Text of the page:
Foreboding: I could be talking complete nonsense but the Doctor’s willingness to try and re-build Gallifrey (probably via Remote technology if he can find it again!) could explain his presence on Gallifrey in The Infinity Doctors. It is obviously (to me) the eighth Doctor in that book and how he feels so content and at home on Gallifrey there would explain a hell of a lot. Ah well, its just a theory.
Twists: The first scene features Marnal regenerating and suddenly remembers the name of his home planet…Gallifrey! Marnal suffered amnesia and wrote down all his memories in a series of novels entitled The Gallifrey Chronicles. It is great for readers attracted to the books via the TV series to discover the fate of Gallifrey with Marnal. The flashback adventure with Miranda is positively charming and intelligently and wittily exploits the horror of mobile phones as an enemy a millions times better than the atrocious Stephen King novel Cell (and with far less pages). The Daleks are back, attempting to assassinate the Pope on his first visit to Mars! Sam is officially dead and if she hadn’t met the Doctor she would have lived to a ripe old age although the Doctor consoles himself with the knowledge that in periods of the future she would be alive again. Anji is now engaged and due to be married to Greg next year, she is now on the board of a multi national conglomerate bank and the fifth richest person in the country! We get to re-experience the destruction of Gallifrey and hilariously it is more atmospheric and dramatic written here than it was in The Ancestor Cell! The Doctor never was Grandfather Paradox, it just reflects back to emaciated form of whomever it is battling. The Doctor returns to the garden with the cunning man (the 7th Doctor) guarding the gate and is given a fabulous clue about the Matrix being in his head (there are 153,841 blossoms behind the gate minus 5). To the save population of London, the Doctor tosses a nuclear bomb in the TARDIS which rips through the ship and strips away everything until it is just a burnt out spaceship. The TARDIS can repair her structure but the contents are irreplaceable. The energy from the explosion is funnelled into the Eye of Harmony, which opens pinpricks and allows the Master (trapped there since the TV Movie!) to talk to the Doctor (he is the ghost in the machine, imprisoned with infinite power, condemned to godhood with no chance of parole). The Vore are attracted to Earth because of the pricks in the Eye of Harmony and their attack is genuinely apocalyptic, worldwide panic and a terrifying death count (shooting into a swarm is like shooting into a storm, no matter how many you kill there is always more). The set piece of Fitz and Trix clinging for dear life as the Vore attempt to bring their plane down is excellent, especially the end where Trix runs from the exploding engines that tear through the Vore. The Black Eye Sun is finally explained, it promises rule of the spaces between time to the five lost ghosts (remaining Time Lords). Brilliantly, K.9 is discovered hiding behind the back wall of the TARDIS (he was the one scratching in Trading Futures!) with orders from Romana to kill the Doctor! The Vore want to turn the human race into vomit, line their walls with it and plant their food spores (ugh). The Doctor’s stolen TARDIS was originally Marnal’s, it was with this that he originally attacked the Vore. Save the best twist for last, the Doctor’s revelation that he has saved the entire contents of the Matrix in his head, thus saving his people whilst wiping out the scourge that threatened to infect them.
Embarrassing bits: It looks like Trix killed her father and its a shame that there is so much going on that we never get to explore this further. The Doctor’s line about a PC borrowing his PC and being very PC is crap. Fitz turning on the Doctor is very sudden considering how loyal he usually is (but frankly it needed to be said) and wasn’t Fitz himself who prevented the Doctor getting his memories back in Halflife???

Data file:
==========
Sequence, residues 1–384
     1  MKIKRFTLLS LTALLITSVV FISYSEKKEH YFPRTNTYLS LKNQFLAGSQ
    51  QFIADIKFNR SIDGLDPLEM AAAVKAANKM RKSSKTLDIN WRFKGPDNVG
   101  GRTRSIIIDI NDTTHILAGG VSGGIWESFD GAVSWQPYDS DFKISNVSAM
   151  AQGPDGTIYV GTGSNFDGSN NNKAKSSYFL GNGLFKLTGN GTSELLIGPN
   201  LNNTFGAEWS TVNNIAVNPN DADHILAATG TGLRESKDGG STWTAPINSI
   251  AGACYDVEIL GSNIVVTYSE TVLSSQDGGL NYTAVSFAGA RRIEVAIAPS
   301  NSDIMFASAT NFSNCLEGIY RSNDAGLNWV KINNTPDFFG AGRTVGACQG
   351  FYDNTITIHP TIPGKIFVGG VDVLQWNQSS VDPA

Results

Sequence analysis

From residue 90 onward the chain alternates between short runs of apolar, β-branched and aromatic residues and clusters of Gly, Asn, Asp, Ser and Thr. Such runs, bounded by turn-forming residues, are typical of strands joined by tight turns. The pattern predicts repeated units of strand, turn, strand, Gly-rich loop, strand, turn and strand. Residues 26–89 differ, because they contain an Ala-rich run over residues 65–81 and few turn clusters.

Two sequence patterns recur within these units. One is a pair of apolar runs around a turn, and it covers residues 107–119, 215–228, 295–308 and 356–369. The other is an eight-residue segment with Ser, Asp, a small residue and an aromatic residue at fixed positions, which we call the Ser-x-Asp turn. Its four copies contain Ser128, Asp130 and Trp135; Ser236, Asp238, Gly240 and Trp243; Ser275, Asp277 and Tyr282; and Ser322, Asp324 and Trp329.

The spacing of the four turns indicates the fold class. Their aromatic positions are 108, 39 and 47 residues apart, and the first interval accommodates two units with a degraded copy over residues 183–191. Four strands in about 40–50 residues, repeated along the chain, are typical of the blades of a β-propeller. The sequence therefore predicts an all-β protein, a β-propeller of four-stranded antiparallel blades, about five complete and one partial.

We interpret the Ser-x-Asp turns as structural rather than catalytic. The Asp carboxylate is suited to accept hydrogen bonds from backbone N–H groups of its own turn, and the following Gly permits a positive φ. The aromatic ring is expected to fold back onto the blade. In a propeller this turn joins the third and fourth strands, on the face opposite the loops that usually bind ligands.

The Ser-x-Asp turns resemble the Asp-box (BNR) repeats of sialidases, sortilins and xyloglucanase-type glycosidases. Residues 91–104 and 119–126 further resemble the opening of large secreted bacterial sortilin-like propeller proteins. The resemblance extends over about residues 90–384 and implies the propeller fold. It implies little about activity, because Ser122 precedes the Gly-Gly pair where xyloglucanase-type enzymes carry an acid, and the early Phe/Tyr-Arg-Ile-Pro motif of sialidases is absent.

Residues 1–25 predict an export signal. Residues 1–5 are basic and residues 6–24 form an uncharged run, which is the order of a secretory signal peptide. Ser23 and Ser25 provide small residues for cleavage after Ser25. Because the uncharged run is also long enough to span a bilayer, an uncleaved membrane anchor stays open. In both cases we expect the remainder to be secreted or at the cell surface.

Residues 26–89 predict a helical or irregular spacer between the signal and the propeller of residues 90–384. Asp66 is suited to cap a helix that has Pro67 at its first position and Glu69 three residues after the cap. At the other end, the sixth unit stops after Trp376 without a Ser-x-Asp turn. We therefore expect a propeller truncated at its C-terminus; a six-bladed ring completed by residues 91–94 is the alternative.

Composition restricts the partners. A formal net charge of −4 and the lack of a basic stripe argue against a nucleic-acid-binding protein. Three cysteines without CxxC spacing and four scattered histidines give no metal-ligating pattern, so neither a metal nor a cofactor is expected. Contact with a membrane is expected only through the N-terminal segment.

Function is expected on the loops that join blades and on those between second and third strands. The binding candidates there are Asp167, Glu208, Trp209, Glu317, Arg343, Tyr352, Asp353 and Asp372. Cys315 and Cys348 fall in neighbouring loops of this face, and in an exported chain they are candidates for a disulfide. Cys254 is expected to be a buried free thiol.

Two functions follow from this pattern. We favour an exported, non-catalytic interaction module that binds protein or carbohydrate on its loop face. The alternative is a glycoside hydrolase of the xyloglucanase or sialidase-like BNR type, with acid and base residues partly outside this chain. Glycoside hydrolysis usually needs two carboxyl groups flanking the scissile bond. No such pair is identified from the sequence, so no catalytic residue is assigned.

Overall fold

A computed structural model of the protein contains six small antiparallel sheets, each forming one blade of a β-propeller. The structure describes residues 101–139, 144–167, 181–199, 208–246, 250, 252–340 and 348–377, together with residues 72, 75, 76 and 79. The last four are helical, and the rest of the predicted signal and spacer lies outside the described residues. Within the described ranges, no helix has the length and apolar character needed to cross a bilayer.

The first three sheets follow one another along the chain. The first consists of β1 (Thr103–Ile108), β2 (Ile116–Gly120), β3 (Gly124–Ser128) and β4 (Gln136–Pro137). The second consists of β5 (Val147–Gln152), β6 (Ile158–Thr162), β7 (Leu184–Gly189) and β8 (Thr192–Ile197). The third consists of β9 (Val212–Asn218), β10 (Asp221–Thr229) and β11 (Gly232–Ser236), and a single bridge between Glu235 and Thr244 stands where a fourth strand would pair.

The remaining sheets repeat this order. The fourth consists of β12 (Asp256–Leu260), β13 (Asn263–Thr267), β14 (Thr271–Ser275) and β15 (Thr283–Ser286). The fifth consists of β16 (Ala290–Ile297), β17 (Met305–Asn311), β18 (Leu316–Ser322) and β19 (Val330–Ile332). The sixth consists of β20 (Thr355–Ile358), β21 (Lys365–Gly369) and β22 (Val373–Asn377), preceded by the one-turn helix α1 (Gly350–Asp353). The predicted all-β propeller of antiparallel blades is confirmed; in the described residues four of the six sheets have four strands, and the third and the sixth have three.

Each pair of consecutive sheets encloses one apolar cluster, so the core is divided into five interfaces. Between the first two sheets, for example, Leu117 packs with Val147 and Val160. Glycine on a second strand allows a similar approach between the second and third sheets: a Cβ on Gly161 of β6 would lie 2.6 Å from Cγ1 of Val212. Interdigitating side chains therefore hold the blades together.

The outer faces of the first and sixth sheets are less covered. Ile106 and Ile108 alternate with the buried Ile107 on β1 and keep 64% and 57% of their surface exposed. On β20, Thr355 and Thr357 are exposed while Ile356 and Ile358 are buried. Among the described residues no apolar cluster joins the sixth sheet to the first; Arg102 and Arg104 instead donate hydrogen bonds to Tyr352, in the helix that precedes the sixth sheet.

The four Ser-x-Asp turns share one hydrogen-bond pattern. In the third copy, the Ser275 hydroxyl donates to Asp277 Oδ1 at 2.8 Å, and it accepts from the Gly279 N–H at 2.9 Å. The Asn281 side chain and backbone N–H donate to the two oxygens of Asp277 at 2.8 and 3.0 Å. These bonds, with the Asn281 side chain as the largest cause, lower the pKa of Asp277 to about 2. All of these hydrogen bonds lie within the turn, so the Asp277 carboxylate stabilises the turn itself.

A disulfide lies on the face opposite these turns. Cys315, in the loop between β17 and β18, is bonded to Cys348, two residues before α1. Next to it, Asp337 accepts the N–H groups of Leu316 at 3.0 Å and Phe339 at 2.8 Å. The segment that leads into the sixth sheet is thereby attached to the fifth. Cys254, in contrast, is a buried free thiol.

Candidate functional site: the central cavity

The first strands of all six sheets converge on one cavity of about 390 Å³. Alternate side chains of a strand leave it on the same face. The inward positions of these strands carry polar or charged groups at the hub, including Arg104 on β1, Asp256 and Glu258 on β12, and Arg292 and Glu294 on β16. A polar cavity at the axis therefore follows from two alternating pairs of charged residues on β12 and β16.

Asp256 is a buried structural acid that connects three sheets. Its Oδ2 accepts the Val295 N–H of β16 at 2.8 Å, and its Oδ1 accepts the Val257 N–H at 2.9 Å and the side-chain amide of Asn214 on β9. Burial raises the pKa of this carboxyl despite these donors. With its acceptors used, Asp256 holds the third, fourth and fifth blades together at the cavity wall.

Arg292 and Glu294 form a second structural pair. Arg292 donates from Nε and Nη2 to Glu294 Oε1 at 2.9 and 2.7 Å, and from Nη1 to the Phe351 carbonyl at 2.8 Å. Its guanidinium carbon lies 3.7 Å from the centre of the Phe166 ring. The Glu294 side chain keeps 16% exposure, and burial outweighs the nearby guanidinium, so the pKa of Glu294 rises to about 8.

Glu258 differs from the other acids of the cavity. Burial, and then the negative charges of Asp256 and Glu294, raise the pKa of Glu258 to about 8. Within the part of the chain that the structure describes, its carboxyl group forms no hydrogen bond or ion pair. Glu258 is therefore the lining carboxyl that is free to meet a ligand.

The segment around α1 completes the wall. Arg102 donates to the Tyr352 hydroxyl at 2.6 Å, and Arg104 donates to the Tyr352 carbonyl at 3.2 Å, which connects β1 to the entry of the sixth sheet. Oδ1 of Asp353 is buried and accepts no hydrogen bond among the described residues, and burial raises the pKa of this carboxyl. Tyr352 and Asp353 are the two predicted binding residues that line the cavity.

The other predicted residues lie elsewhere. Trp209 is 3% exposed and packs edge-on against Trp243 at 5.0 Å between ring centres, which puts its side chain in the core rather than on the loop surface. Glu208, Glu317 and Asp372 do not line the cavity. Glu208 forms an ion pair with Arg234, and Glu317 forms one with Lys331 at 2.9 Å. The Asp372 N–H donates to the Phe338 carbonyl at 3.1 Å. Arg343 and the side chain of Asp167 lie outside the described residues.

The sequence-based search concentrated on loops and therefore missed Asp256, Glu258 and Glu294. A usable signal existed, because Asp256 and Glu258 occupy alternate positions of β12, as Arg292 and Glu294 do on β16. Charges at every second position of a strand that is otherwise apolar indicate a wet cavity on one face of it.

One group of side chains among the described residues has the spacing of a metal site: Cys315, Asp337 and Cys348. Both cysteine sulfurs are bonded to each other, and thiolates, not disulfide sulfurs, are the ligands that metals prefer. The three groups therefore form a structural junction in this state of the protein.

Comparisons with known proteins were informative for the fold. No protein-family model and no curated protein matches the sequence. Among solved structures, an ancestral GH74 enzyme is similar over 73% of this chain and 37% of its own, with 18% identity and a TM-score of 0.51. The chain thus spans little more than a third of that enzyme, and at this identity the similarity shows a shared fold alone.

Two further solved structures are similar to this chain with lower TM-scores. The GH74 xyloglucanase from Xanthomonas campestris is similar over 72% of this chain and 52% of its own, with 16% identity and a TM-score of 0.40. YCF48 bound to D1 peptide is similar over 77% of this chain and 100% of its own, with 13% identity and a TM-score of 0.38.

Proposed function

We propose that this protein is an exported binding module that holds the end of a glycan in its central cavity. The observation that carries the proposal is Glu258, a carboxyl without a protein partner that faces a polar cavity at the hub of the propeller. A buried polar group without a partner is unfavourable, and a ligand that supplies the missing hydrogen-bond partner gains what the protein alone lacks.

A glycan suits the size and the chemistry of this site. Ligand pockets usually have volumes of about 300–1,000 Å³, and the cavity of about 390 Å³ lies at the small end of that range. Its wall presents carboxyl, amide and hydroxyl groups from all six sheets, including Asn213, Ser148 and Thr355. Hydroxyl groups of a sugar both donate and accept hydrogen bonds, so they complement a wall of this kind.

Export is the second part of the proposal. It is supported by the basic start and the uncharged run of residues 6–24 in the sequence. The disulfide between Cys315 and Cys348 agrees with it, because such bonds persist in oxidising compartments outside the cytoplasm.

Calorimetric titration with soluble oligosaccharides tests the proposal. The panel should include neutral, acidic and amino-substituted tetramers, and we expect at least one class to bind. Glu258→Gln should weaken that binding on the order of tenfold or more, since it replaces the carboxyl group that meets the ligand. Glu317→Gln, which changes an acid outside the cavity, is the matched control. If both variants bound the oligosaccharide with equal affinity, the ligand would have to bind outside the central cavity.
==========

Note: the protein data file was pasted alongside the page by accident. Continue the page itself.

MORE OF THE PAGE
Funny bits: There are lots of wonderful digs at the book series that made me chuckle heartily, its nice to see now the range is over they can take the piss out of their failings. Apparently a postmodern hero is on a journey of self-examination and self validation (just like the Doctor!). Every word of every novel is real, even if they contradict each other (cool that explains the dual explanation for why the Doctor’s heart turned black!). Marnal’s books had become an impenetrable jungle, alienating even the most loyal fans (just like the EDAs!). Whatever the books literary merits the covers were always a problem (hahahahaha). The trouble for the writer of a series books set on Gallifrey is that nothing much happened there (hehehehe). Parkin describes ideas from his old books as unreadable, senseless, risible tat! The Doctor criticises continuity, exclaiming who cares if Ace or Mel visited Paradise Towers? Why do we need it? The Doctor’s eyes slipped off the page before he got to the end of the first paragraph about Gallifrey, its that boring. The scene at the Roman Orgy is hilarious, especially Trix’s attempts to pull the disguise of a perfectly normal person and then the Mule suddenly revealing himself as the disguised alien!
Result: Forget that blurb which seems to suggest an all out war between the Doctor and the remaining Time Lords and settle down to one of the best examinations of the Doctor in print. For a range that focuses too much on spectacle over examination and consequences it is fantastic to finally see so much pay off for outstanding plotlines and relationships. Fitz and Trix make a surprisingly believable couple and the fact that their relationship survives attempted arrests, diving planes and even death is wonderful. The Vore attack is really just a healthy reminder of what the Doctor is about, the real meat here is his examination of the past, finally discovering that he destroyed his planet. This revelation shifts the book amazingly when you realise what that Doctor managed to save from the destruction, shifting his character arc and the entire range from something that refuses to admit the truth and cowardly avoids the past into a justification of this satisfyingly necessary period of the Doctor’s life. He is the hero we always knew he was. The prose is simple but powerful and there are scores of gorgeous character scenes that you would expect from Parkin. Appropriately the Doctor’s past (Sam, Miranda, Anji) is recognised and his future is left wide open with possibilities (that gorgeous open ending that promises so much more…) and as a celebration of everything that this series did well it is about as perfect an ending as we could expect. A powerhouse novel, probably not the climatic ending you were expecting and yet all the better for it: 9/10